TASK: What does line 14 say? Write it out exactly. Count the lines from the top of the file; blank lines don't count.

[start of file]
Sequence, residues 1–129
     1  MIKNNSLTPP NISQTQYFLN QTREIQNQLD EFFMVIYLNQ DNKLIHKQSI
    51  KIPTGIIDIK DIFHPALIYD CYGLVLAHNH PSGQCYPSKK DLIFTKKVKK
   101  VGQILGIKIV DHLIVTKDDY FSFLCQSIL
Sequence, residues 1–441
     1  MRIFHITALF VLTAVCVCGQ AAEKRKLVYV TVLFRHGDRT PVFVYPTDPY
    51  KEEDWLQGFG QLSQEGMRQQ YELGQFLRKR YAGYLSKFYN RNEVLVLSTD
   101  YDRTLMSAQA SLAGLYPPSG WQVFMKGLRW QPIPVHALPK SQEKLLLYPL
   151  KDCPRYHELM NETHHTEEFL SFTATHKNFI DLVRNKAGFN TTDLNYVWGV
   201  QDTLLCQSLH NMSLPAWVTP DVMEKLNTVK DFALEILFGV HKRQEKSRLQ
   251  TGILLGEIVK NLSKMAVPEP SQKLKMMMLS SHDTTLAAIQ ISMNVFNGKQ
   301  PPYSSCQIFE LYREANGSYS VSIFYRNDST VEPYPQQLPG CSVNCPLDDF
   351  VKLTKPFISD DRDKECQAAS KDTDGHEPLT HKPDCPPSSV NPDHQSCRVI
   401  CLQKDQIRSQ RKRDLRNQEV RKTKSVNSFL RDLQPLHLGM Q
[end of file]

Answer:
   401  CLQKDQIRSQ RKRDLRNQEV RKTKSVNSFL RDLQPLHLGM Q